Transforming an Environmental Liability Into an Energy Asset

Video Transcript

Two Pine Landfill is turning yesterday’s waste into tomorrow's energy. The landfill, located in Pulaski County, operates a state-of-the-art gas conversion plant that supplies electricity to approximately 4,500 homes in North Little Rock. 

According to the Environmental Protection Agency (EPA), every American produces, on average, 4.6 pounds of garbage a day. Much of the trash ends up in landfills, where it decomposes and produces methane and carbon dioxide. Both are greenhouse gases, which are widely believed to contribute to climate change.


“Methane gas, a component of natural gas, is a potent gas that remains in the atmosphere for about 9 to 15 years. Methane is about 21 times more powerful at warming the atmosphere than carbon dioxide. If landfills can capture methane and use it as an energy source, it makes sense to do so,” said Suzanne Hirrel, associate professor and waste management specialist at the University of Arkansas’ Cooperative Extension Service.

Federal and state environmental laws mandate that landfills must monitor their methane production and prevent landfill gases from being released into the atmosphere when they exceed permitted levels. The Solid Waste Management Division of the Arkansas Department of Environmental Quality (ADEQ) regulates activities and facilities involved in the processing and/or disposing of solid waste. Most landfills use a flare system or other combustion device for disposing of landfill gases. This process reduces odors, addresses safety concerns, reduces methane emissions and air pollution but does not provide energy benefits.


 There are many ways to generate energy from landfill gas. The gas from the landfill can generate electricity, heat water into steam, be converted to fuel for vehicles or purified to be used in natural gas pipelines. The Department of Energy Act of 1977 created the U.S. Department of Energy, which was authorized to fund and regulate wasteto- energy research projects and energy research. Federal tax credits enacted in 1980 encouraged the development of private enterprises to participate in the landfill gas market. A federal production tax credit of one cent per kilowatt hour is available for energy produced from landfill gas.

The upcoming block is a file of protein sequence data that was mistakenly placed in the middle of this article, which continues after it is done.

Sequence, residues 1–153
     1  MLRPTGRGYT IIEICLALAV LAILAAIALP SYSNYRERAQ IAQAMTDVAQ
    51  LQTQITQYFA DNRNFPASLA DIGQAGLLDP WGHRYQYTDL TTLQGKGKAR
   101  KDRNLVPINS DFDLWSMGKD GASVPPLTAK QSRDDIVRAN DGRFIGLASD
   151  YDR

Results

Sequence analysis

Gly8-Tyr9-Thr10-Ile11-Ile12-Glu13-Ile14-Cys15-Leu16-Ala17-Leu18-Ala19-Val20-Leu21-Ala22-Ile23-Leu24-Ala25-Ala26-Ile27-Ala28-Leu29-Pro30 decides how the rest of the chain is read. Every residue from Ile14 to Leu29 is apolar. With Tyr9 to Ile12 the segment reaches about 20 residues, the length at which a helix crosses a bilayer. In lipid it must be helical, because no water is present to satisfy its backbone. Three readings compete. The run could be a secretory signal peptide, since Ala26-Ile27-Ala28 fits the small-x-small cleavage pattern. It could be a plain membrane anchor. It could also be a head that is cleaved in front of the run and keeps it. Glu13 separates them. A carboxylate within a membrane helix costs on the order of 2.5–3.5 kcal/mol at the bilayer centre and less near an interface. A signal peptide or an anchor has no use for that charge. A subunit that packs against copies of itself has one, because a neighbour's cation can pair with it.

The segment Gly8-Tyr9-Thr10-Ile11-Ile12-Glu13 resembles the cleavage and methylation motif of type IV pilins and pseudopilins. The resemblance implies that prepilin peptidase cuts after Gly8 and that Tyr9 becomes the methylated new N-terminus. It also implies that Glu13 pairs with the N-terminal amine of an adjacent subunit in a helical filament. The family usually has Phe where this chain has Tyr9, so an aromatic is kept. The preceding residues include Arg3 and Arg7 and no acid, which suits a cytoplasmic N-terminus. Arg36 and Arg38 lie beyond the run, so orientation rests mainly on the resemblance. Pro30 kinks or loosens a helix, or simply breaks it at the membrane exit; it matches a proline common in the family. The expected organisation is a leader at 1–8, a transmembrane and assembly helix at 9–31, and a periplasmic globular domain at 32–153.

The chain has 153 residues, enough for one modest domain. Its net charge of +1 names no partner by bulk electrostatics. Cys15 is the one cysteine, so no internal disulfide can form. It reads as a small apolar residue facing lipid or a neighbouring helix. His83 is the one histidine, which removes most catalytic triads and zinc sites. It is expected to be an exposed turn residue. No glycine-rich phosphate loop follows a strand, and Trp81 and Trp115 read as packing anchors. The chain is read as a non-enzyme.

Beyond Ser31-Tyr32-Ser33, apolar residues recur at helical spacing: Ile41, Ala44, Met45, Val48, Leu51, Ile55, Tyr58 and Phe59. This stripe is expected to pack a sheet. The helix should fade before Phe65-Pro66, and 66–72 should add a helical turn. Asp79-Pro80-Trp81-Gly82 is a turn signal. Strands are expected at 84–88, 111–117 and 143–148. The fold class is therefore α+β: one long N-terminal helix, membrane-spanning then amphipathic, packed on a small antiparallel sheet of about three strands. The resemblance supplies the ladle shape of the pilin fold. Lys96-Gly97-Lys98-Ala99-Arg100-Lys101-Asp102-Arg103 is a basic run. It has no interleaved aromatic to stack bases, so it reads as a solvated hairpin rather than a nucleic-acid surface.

David Conrad, an engineer for Waste Management, which operates Two Pine, said the landfill is the only one in the state that generates electricity from landfill gas. There are six Caterpillar engines located at Two Pine that generate 4.8 megawatts of power from roughly 500,000 tons of garbage a year. ADEQ recently approved a 144-acre expansion of the landfill. Waste Management plans to build a second gas-to-energy plant on the new site, which should be operational in five years. In the meantime, the original plant will continue to supply electricity for many years to come.

According to ADEQ, EPA has identified four municipal solid waste landfill candidates for its Landfill Methane Outreach Program (LMOP). EPA defines a candidate landfill as one that is accepting waste or has been closed for five years or less, has at least one million tons of waste and does not have an operational or under construction project. Three additional Arkansas landfills have been listed by the EPA as having potential status, meaning the landfills may qualify for LMOP, but more data is needed before making a final determination.

There are several benefits to converting methane into energy. Such projects reduce annual greenhouse gas emissions by preventing landfill gas from being released into the atmosphere and help to lessen America’s dependency on fossil fuel-based electricity.

“We are proud to be contributing to the renewable energy resources of the state. We plan to enlarge our capacity to produce even more electricity for Arkansas citizens. Converting landfill gas to electricity is a win-win situation for Two Pine, the communities we serve and the environment as a whole,” said Conrad.